Not “Under Control”
FUKUSHIMA, 1 Oct. 2013. I listened to Japanese Prime Minister Abe Shinzo’s speech at the 125th IOC Session in Buenos Aires on 8 September in the city of Fukushima, where I work. When I heard him declare that the situation of the Daiichi Nuclear Power Plant in Fukushima is “under control,” I wondered what possible basis he could have had for such a statement.
No one has confirmed the state of the nuclear fuel that melted down in the Daiichi plant’s destroyed No. 1, 2 and 3 reactors. Nor is it possible to know the extent to which the radioactivity of the meltdown continues to affect underground water. According to one estimate, the amount of radioactive material that flowed out of the plant into the ocean during the approximately one month following the explosions March 12-15 is between 3,500 and 5,000 trillion becquerels. Even now, some 400 tons of groundwater is flowing daily into the reactor buildings [http://mainichi.jp/select/news/20130905k0000m040099000c.html]. It was reported on 18 September at the IAEA Scientific Forum that the amount of radioactivity released into the ocean from the base of the reactor shelters is over 60-billion becquerels per day [http://www.nikkei.com/article/DGXNZO59888260Z10C13A9CR8000/].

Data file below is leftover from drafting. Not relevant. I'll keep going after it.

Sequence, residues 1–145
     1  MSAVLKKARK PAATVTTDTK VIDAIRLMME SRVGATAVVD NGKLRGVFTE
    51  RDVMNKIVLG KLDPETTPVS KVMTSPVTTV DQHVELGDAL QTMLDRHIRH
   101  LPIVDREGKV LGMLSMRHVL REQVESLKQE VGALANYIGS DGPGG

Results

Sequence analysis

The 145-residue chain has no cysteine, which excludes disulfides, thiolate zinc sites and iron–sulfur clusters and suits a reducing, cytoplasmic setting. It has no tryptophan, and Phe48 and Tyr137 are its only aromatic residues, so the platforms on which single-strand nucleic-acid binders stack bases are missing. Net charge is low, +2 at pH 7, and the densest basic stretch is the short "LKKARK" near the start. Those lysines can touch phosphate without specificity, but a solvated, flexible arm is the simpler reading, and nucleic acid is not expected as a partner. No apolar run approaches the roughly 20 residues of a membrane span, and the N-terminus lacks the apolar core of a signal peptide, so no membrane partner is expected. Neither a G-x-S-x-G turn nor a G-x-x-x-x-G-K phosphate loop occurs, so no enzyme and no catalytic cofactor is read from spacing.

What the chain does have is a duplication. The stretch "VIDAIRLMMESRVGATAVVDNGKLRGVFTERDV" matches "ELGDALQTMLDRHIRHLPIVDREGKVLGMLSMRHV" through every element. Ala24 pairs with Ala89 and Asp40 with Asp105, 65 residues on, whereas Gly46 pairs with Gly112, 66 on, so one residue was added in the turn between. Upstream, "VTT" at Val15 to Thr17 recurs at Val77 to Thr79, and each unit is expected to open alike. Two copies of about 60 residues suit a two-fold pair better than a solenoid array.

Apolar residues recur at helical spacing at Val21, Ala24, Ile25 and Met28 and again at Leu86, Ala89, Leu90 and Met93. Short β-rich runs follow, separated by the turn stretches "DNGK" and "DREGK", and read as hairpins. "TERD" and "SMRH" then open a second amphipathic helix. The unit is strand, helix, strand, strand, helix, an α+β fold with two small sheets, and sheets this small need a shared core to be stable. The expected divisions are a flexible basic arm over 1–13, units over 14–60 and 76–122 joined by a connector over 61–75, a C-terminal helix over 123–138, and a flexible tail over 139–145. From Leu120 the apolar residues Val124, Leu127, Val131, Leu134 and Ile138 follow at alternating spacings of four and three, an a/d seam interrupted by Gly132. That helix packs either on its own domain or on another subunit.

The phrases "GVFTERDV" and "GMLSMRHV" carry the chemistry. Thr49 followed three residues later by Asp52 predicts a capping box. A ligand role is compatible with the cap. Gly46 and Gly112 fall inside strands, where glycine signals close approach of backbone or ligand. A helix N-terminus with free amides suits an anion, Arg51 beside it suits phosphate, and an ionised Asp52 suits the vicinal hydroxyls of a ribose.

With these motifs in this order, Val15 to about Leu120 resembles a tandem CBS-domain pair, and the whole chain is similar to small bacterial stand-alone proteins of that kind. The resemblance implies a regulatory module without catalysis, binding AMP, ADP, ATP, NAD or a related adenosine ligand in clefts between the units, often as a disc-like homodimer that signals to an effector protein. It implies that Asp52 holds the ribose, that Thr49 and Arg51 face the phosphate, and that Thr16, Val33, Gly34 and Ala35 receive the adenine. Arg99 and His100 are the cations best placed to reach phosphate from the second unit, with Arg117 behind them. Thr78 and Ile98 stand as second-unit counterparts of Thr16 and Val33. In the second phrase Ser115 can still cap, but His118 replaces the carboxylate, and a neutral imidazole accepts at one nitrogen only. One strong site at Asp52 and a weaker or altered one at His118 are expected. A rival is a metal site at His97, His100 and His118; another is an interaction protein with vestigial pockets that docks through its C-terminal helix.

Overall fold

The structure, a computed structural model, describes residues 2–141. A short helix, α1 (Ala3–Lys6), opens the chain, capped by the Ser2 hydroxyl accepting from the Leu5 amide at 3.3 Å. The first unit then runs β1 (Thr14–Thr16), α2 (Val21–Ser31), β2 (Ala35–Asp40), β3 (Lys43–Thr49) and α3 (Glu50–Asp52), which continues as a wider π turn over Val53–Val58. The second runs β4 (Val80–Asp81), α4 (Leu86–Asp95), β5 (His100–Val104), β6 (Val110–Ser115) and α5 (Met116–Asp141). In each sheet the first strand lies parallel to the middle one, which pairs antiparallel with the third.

Yet the first time Tokyo Electric Power Co. (TEPCO), which operates the Daiichi nuclear power plant, admitted that seawater was being contaminated was the day after the Liberal Democratic Party (LDP) emerged victorious in the July 21st general elections. Plenty of experts have been expressing urgent concern about the problem ever since the time of the accident. Japanese are well aware of the collusion between TEPCO and the LDP, which has backed the nuclear power generation policy from the outset, and people are increasingly disgusted by the failure of the LDP and the mammoth power company to consider the welfare of the Japanese people.
The Uprooted and the Untested
Driven from their homes by the power plant accident, some 150,000 citizens of Fukushima prefecture continue to live uprooted lives. More than 1,500 deaths have been recorded related to the nuclear power plant accident (as of 30 September), including the death of elderly and ill evacuees whose health deteriorated in their places of evacuation and suicides resulting from dreams destroyed and daily hardships suffered. So far, 18 children have already been diagnosed with thyroid cancer (as of 20 August). The rate of thyroid cancer among children under ordinary circumstances is only 1.3 per 100,000, and only some of the 360,000 children who are targeted for medical examination have been tested so far. And yet, in response to questions after his speech, Prime Minister Abe stated that, “there are no problems with health now or in the future.”